He eventually left Hawaii and began at the Occidental College in Los Angeles. Obama finished his political science degree at Columbia University. He started his career as a community organizer in Chicago’s poor South Side.

Working for the community’s impoverished residents immersed him into the lives of African Americans. He was in charge of launching a church-funded Developing Communities Project to improve a public housing initiative. But the project met little success and made him realize he could do more with a law degree.

Entering the Political Arena

This self-revelation spurred Obama to attend Harvard Law School in 1988. During his second year, he joined constitutional law professor Laurence Tribe’s team as a research assistant. Tribe praises Obama not only for his academic success but also for his drive to make a difference in communities. He also joined Sidley Austin’s Chicago law firm as a summer associate. This was where he met his future wife Michelle Robinson. In 1990, Obama became the first African-American editor of the Harvard Law Review before he graduated magna cum laude.

To add to his academic accomplishments, he ascended quickly in the world of politics. He ran and won under the Democrat party for a seat in the Illinois State Senate in 1996. His policies focused on expanding health care services and early childhood education for the impoverished. Obama dealt with the Republican majority in the state Senate, adapting to the political tactics from the opposing party. He dealt with both parties’ legislators accordingly, resulting in 300 bills that focused on improved health care, helping children, and labor unions. He showed the true spirit of a leader by constantly striving to improve upon the core areas that affect the public.

Rising from Defeats to Victory

His ascension to the presidency wasn’t easy. In 2000, he lost against Bobby Rush in the Democratic primary run for the U.S. House of Representatives. This did not stop him from raising funds for a Senate seat in 2004. He won with 52 percent of the vote against Blair Hull and Daniel Hynes. His victory continued against Republic nominee Jack Ryan.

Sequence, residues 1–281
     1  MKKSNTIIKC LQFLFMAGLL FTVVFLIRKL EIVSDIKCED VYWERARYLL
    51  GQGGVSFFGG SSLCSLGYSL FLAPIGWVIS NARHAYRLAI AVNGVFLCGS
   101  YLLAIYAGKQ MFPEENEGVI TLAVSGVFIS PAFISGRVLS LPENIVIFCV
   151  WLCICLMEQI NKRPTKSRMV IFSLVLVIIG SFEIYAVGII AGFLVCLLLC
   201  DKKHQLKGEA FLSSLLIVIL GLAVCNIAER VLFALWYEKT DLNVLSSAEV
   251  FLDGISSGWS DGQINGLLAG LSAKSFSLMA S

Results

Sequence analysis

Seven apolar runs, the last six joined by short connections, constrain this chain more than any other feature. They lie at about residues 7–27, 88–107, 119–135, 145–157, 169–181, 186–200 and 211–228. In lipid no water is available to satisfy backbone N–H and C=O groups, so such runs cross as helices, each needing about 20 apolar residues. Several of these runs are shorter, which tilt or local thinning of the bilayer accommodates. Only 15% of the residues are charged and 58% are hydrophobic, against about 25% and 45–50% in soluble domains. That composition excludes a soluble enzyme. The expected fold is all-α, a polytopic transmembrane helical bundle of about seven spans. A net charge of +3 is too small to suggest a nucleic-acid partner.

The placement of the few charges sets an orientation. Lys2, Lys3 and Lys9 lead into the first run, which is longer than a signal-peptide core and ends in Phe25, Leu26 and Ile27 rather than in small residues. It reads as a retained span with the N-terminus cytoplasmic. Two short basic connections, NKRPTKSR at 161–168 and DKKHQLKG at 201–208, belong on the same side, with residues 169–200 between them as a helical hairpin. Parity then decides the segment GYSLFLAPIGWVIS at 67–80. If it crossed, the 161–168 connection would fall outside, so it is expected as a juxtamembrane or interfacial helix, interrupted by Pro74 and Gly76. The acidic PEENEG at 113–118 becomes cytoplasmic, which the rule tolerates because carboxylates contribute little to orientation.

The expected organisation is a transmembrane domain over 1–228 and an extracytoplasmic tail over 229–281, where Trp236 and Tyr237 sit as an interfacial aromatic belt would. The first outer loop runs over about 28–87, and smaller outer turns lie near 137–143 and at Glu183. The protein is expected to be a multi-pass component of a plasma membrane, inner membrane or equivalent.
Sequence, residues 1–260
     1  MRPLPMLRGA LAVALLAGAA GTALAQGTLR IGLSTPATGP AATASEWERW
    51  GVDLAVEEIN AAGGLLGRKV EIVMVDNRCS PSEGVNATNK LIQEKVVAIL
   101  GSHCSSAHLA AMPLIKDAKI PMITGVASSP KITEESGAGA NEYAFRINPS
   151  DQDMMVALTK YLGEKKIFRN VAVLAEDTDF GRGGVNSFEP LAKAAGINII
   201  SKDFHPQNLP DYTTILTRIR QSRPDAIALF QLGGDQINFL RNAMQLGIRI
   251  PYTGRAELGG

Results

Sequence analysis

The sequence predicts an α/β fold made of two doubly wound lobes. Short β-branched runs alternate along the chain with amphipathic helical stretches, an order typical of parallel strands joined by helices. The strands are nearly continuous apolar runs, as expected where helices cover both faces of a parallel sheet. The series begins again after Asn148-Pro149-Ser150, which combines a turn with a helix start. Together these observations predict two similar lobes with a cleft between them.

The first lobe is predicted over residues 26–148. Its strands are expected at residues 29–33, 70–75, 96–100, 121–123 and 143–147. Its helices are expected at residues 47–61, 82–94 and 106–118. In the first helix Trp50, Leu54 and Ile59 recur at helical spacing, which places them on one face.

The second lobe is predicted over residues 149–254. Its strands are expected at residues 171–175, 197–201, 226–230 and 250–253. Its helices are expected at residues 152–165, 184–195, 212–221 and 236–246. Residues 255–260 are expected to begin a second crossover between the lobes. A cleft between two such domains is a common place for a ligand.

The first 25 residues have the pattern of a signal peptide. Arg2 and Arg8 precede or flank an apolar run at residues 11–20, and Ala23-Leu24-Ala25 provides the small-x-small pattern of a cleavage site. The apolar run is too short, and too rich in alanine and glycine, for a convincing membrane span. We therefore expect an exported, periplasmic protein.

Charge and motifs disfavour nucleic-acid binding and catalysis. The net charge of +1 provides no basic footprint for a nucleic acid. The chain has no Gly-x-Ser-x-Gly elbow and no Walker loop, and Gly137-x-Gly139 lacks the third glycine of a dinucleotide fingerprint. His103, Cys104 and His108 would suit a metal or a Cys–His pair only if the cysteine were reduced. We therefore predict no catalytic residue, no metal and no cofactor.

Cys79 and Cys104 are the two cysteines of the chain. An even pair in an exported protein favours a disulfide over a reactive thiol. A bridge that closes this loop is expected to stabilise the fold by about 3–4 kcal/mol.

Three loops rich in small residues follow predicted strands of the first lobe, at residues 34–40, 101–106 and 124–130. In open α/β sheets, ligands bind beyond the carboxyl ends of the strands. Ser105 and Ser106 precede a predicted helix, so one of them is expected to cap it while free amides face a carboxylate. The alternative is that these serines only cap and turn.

In 2008, he became the first African American president of the most powerful free nation in the world. During his presidency, he dealt with economic meltdown of historical proportion — the Great Recession — and two festering wars. He faced pressure to increase jobs and reduce national debt. Some of his major accomplishments include tax cuts for working families and small businesses, the stimulus bill for economic growth, and health care insurance expansion. His term also signed in the Affordable Care Act, drastically changed the U.S.’ foreign policy, and the repeal of the “Don’t Ask, Don’t Tell” military policy.

He was re-elected in 2012 against Republican candidate Mitt Romney.

Overcoming More Challenges

His domestic policies were highly challenged by the opposing party. The federal government shutdown for 16 days when the Republicans expressed their desire to defund the Affordable Care Act, which adversely impacted insurance policies for millions of Americans. Yet, he took personal ownership for the shutdown and apologized to the public.

Under his administration, the Clean Power Plan was approved in 2015, which aimed to reduce greenhouse gas emissions and limit carbon pollution.

Obama’s humble beginnings and rise to the White House as the first African American U.S. President are testaments to the spirit of Strive. Obama’s perseverance, humility, discretion, determination, and diplomacy as President of the United States demonstrates the qualities of Strive. Even out of office, he continues to exercise world-class leadership and restraint. How are you striving? Sign up to be notified when the Strive book becomes available.